Sizing

Pairing lampshades with lamp bases and wall lights is really about getting the proportions right: top-heavy or too small is never a good look, and, fortunately, fairly easy to avoid.

If you are simply replacing a lampshade, the old is obviously a very good reference point, as something very similar is likely available.

If you don’t have a shade, but the lamp does have a harp that is properly sized for the base, pairing a lampshade is easy and straightforward.¬†¬†Measure the harp, and find a lampshade with height to match.

If, however, you’ve found a fabulous pair of antique vases, or a vintage fixture that lost its shades a long time ago, there are some good rules of thumb to help put it all together.

sizing and pricing (pdf)

lampshade-sizing

Table Lamps

Standard Bases

For converted urns, vases, and bottles, hefty cylinders, shapely gourds, and all sorts of vintage lamps, you may find yourself without a harp, or if you have one, you may want to change it.

First measure the base, from the tabletop to where the neck meets the base of the socket. Your harp should be somewhere between 3/4 and 4/5 the height of the lamp; it should rarely be the same, and certainly never larger.

You might also measure from tabletop to the base of the socket, and multiply by 1.25 to confirm that the diameter will result in a pleasing proportion.

Stick Bases

Stick bases are exactly what you imagine they are: a very slender column with a small base. They are exceptionally versatile and allow a bit more wiggle room when shopping for shades.

Assuming that they are not meant to have very small shades perched on top (like some buffet lamps), just about anything smaller in diameter than the height of the base will work, and look best when the stick is about twice the height of the shade. It is unlikely that you would ever find yourself needing a lampshade larger than 16″ in diameter for a tabletop stick lamp, unless you’re going for a flamingo effect. Empire shapes seem to work best, as the taper at the top balances the bottom.

If all of that makes sense and you’re still stuck, driving yourself crazy with a measuring stick, please send an email with a photo of your lamp, at eye level and straight on, make a note of the height to the socket and the diameter of the base, and I will do my very best to help.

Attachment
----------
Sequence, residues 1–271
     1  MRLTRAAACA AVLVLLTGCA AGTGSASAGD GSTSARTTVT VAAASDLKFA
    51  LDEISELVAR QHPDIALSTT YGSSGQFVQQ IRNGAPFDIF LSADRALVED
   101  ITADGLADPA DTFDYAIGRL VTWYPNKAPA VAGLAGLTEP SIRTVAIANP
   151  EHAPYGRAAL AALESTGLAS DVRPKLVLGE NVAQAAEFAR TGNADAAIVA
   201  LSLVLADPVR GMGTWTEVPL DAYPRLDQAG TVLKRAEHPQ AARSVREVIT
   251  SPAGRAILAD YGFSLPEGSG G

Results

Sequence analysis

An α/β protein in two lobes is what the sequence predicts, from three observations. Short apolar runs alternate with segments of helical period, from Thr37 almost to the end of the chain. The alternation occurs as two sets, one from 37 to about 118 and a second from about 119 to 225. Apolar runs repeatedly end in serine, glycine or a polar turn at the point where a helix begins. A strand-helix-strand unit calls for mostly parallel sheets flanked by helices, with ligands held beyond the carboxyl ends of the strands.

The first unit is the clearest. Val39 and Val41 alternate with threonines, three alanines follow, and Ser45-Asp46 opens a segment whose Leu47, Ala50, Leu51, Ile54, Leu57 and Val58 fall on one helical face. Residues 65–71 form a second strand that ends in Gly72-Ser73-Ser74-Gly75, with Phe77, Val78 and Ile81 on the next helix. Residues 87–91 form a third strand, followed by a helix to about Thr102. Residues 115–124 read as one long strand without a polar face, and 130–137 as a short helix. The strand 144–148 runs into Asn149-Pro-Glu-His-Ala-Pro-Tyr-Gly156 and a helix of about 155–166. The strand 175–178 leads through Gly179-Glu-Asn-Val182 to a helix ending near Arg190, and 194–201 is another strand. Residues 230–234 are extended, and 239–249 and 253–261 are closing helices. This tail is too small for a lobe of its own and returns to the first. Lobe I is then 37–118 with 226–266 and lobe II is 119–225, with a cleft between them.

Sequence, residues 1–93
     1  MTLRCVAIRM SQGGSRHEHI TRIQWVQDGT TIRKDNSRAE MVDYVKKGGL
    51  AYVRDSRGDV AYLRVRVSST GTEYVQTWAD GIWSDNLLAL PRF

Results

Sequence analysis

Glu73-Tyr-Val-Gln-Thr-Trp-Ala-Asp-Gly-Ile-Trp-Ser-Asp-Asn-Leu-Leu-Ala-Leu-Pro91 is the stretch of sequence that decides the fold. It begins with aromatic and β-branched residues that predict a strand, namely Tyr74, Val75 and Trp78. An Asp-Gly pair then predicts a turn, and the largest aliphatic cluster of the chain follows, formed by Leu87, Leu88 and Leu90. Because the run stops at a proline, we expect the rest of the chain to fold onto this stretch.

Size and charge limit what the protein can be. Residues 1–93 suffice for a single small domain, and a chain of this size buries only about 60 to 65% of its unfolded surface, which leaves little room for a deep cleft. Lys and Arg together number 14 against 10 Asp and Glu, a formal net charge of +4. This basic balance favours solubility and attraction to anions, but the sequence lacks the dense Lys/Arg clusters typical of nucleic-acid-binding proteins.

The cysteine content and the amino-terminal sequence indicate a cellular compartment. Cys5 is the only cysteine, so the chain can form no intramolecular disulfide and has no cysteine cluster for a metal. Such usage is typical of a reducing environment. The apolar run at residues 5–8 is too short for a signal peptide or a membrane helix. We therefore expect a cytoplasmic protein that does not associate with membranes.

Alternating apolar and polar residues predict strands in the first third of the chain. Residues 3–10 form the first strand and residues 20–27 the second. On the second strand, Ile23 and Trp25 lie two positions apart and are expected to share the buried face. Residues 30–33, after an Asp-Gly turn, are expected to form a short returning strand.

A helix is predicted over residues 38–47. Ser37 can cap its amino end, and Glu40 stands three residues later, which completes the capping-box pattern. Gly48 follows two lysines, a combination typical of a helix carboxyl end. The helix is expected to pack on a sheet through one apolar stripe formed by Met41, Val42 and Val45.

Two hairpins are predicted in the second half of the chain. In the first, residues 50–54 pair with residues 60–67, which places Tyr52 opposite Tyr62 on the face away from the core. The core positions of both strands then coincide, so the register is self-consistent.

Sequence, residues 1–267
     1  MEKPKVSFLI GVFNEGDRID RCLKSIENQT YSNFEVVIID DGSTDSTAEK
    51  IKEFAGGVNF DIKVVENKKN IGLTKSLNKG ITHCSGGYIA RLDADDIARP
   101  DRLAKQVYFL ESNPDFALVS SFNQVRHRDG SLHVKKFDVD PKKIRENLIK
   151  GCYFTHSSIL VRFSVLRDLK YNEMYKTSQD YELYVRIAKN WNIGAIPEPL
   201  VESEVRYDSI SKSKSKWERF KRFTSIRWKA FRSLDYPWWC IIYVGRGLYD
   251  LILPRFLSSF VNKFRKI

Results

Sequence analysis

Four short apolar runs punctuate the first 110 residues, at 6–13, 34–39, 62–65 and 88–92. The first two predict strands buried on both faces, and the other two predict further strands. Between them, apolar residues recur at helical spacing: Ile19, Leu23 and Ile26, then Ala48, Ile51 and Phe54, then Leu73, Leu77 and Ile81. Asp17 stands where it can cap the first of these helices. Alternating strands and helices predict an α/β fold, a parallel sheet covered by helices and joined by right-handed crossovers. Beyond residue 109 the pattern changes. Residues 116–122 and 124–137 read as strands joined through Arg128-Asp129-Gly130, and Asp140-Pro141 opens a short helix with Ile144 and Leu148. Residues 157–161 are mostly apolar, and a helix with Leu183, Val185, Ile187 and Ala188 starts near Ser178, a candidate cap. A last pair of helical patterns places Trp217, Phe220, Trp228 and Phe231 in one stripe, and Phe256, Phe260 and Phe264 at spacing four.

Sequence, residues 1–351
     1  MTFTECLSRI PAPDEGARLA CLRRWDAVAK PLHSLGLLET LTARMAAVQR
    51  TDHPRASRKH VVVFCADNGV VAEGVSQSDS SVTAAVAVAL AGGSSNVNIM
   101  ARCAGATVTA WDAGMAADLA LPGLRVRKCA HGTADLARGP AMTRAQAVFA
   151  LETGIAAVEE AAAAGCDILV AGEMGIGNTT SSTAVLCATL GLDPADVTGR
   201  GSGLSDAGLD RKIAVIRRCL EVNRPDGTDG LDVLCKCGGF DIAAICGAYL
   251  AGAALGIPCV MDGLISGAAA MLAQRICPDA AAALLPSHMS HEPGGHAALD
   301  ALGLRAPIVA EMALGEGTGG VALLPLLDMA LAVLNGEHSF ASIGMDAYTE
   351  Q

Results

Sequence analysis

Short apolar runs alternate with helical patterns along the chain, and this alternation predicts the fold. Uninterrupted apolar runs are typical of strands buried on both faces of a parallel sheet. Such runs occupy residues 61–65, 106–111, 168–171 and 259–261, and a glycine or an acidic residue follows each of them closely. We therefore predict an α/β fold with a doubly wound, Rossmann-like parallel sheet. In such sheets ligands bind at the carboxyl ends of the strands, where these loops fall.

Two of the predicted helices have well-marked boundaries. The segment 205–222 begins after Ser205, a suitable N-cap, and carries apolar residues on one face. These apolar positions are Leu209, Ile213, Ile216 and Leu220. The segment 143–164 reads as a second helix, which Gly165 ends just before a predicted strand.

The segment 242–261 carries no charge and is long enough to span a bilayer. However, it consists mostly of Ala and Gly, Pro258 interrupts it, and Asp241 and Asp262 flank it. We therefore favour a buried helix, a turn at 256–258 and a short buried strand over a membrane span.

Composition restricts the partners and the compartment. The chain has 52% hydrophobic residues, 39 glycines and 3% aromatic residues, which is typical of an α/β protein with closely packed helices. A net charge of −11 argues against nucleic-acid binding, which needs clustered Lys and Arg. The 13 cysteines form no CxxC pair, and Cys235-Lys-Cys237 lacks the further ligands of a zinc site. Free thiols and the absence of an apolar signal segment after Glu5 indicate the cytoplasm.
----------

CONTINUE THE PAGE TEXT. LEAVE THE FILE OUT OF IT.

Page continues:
Chandeliers & Wall Lights

Chandelier lampshades are all more or less similarly sized: they have a torpedo clip fitting, and are typically about 4″ high, and under 5″ in diameter, too. And because they are often more diminutive in scale, or at least in wall projection, vintage wall lights are often better paired with chandelier shades.

Larger sconces or wall lights are a bit trickier as the key measurement is the projection from the wall, and if they are double or triple light sconces you must also take into account the distance between the lights. Remember to use half the diameter measurement when determining whether a shade will fit: a sconce with a 6″ wall projection to the light will easily take a 7″ diameter lampshade, as the shade will extend only 3.5″ towards the wall, leaving a good bit of space.

Finally, swing arm lamps of the sort you’d find above a sofa or reading chair often take a 12″ diameter small empire lampshade with washer fitting at top.

chandelier lampshade
3 x 6 x 4.5

Chandelier

4.25″ high

40W

clip

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sconce lampshade
4 x 7 x 6

Sconce

6.25″ high

40W

clip

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small empire lampshade
5 x 12 x 8

Small

7.5″ high

60W

washer

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medium lampshade
9 x 14 x 9
6 x 16 x 10
6 x 16 x 10

Medium

9″ high

75W

washer

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large pembroke lampshade
13 x 17 x 11
large empire lampshade
8 x 18 x 12

Large

11″ high

100W

washer

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jumbo empire lampshade
10 x 20 x 14

Jumbo

13.25″ high

150W

washer

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